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Review of 4th Superheavy/Starship flight; FAA clears SpaceX for next flight

Link here. The article provides a detailed step-by-step review of everything that happened on the fourth Superheavy/Starship orbital test flight on June 6, 2024, as well as describing the changes being applied to Starship and Superheavy due to that flight.

However, the article also included this announcement from the FAA, stating that it will not do its own mishap investigation on that flight.

The FAA assessed the operations of the SpaceX Starship Flight 4 mission. All flight events for both Starship and Super Heavy appear to have occurred within the scope of planned and authorized activities.

While this decision means SpaceX can go ahead with the fifth test launch as soon as it is ready — no longer delayed while it waits for the FAA to retype SpaceX’s investigation and then approve it — it is unclear whether this FAA decision will allow SpaceX to attempt a tower landing of Superheavy, with the tower’s arms catching the rocket.

If the FAA has not yet approved a tower landing, I suspect SpaceX will forgo that attempt on the next launch in order to get it off the ground as soon as possible, even as it pushes the FAA for such an approval for a subsequent launch.

Genesis cover

On Christmas Eve 1968 three Americans became the first humans to visit another world. What they did to celebrate was unexpected and profound, and will be remembered throughout all human history. Genesis: the Story of Apollo 8, Robert Zimmerman's classic history of humanity's first journey to another world, tells that story, and it is now available as both an ebook and an audiobook, both with a foreword by Valerie Anders and a new introduction by Robert Zimmerman.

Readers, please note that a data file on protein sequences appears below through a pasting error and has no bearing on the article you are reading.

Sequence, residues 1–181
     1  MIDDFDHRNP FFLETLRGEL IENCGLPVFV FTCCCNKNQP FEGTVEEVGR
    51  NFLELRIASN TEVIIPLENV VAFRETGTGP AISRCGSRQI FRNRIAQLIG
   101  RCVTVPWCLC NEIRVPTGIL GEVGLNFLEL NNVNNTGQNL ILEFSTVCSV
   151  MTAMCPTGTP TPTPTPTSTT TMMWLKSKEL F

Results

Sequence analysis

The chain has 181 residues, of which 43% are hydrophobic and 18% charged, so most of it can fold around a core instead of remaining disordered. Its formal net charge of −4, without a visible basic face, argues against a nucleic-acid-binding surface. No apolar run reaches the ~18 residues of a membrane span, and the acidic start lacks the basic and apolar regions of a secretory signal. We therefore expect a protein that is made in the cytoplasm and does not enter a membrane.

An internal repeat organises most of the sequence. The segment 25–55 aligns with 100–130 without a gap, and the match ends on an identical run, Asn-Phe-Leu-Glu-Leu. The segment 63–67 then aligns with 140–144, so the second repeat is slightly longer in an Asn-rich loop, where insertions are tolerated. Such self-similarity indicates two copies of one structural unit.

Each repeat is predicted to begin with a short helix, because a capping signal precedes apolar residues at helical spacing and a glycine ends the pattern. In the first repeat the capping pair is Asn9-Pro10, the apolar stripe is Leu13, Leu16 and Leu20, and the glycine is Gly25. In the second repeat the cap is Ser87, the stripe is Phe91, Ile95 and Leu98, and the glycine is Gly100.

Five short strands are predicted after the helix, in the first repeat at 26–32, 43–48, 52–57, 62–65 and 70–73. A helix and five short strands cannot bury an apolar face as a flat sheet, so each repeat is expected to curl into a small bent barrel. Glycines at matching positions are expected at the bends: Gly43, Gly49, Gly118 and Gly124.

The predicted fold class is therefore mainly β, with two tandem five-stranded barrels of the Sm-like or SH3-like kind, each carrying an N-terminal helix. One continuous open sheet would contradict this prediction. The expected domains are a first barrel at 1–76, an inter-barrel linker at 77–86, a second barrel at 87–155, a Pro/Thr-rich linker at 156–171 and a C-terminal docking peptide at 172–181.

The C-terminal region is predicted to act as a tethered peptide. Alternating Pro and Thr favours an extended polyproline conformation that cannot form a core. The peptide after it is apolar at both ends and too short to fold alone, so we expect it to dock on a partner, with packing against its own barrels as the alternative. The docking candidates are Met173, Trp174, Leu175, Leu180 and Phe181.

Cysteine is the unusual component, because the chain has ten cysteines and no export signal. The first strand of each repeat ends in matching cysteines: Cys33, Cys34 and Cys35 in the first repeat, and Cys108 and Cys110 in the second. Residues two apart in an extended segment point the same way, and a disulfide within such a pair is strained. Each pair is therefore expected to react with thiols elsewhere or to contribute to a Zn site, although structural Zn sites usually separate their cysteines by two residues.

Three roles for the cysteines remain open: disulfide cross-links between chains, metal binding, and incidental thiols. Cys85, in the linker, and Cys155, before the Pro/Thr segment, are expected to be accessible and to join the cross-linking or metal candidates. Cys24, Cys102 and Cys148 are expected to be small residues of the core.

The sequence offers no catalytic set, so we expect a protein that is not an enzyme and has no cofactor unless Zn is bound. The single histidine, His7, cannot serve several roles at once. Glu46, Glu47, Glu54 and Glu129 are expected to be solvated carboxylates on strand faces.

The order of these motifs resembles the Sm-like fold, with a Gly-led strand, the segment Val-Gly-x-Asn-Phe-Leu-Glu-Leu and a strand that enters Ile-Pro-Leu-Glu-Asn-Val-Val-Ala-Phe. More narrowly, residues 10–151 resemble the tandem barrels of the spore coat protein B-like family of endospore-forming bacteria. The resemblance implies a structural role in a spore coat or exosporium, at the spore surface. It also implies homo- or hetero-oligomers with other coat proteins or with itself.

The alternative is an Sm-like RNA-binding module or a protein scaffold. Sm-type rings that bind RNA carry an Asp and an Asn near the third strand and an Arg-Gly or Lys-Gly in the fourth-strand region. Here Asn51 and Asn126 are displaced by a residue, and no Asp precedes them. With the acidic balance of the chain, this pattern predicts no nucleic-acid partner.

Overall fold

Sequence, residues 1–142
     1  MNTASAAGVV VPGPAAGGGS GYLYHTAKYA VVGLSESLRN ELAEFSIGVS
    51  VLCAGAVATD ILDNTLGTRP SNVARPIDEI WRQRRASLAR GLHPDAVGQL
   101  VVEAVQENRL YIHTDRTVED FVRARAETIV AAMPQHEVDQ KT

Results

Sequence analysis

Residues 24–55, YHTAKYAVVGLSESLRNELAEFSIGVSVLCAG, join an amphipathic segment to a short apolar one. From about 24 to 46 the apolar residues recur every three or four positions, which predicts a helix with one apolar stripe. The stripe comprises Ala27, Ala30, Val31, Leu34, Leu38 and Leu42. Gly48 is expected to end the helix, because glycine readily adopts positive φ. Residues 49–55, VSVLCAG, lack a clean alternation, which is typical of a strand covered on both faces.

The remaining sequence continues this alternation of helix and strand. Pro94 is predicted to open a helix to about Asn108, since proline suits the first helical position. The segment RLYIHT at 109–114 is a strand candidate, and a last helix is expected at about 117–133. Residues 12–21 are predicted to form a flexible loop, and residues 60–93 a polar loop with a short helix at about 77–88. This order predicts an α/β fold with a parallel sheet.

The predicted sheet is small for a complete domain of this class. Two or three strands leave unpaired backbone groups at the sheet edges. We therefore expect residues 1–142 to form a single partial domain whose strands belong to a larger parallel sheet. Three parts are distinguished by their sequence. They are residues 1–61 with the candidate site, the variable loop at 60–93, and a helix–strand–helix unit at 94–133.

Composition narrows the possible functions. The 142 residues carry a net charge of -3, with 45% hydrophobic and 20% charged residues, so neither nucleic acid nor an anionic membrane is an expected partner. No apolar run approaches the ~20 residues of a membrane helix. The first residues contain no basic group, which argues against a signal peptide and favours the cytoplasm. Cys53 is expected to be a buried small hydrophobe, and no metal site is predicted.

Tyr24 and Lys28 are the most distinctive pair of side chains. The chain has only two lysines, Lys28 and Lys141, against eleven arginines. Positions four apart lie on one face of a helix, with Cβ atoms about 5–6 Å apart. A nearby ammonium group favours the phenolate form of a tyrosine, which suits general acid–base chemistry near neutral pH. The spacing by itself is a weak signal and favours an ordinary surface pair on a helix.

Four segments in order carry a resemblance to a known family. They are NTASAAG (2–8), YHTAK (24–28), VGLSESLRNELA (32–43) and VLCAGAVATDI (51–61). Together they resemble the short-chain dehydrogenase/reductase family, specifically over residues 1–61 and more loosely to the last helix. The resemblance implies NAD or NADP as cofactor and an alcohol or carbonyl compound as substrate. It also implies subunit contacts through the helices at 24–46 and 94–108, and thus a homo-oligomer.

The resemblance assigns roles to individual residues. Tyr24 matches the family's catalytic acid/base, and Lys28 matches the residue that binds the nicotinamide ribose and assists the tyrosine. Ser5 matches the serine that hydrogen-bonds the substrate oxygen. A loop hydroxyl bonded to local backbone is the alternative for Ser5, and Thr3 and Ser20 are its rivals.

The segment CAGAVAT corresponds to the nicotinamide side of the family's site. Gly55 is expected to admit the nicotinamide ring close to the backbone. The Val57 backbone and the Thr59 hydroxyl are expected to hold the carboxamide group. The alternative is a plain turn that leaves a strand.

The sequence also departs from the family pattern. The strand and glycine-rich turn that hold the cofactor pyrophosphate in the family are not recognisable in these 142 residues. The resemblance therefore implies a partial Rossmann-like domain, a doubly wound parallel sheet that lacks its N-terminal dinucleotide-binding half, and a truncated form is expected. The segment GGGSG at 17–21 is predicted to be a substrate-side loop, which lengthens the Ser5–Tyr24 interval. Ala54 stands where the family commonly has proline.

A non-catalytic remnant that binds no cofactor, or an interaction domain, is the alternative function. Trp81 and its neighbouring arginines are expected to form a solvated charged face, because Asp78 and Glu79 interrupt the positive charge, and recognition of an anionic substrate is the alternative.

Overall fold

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5 comments

  • David Eastman

    The license for IFT4 explicitly called out the vehicle configuration, so a license modification to remove/update that entry is required. As the article states, SpaceX is already in the process of making major adjustments to the heat shield on the IFT5 spaceship, so the FAA will have to evaluate whether this is a simple “change the numbers” or not. I would think that if they want to fly the same profile with an improved heat shield, that should be a very quick evaluation on the FAA’s part. Whether they can get that done in the “one month” that Elon is projecting for readiness would depend entirely on how soon SpaceX officially asks for it, I would think.

    If they want a flight profile change to bring the booster back for a catch attempt, I would again guess it depends on when they ask. If they put in their application the moment the FAA said that no mishap investigation is required, I could see the FAA being ready at close to the same time SpaceX is. It has, as we’ve seen, historically taken the FAA around 2-3 weeks to grant a license from the date they announce that SpaceX has given them the complete finalized request.

    I suspect that SpaceX has not yet reached that point, and won’t until the heatshield is back in place and the ship is headed out to the launch site for tests, and as a result SpaceX will be “ready” a week or two before they get their license.

  • Edward

    Robert Zimmerman wrote: “If the FAA has not yet approved a tower landing, I suspect SpaceX will forgo that attempt on the next launch in order to get it off the ground as soon as possible, even as it pushes the FAA for such an approval for a subsequent launch.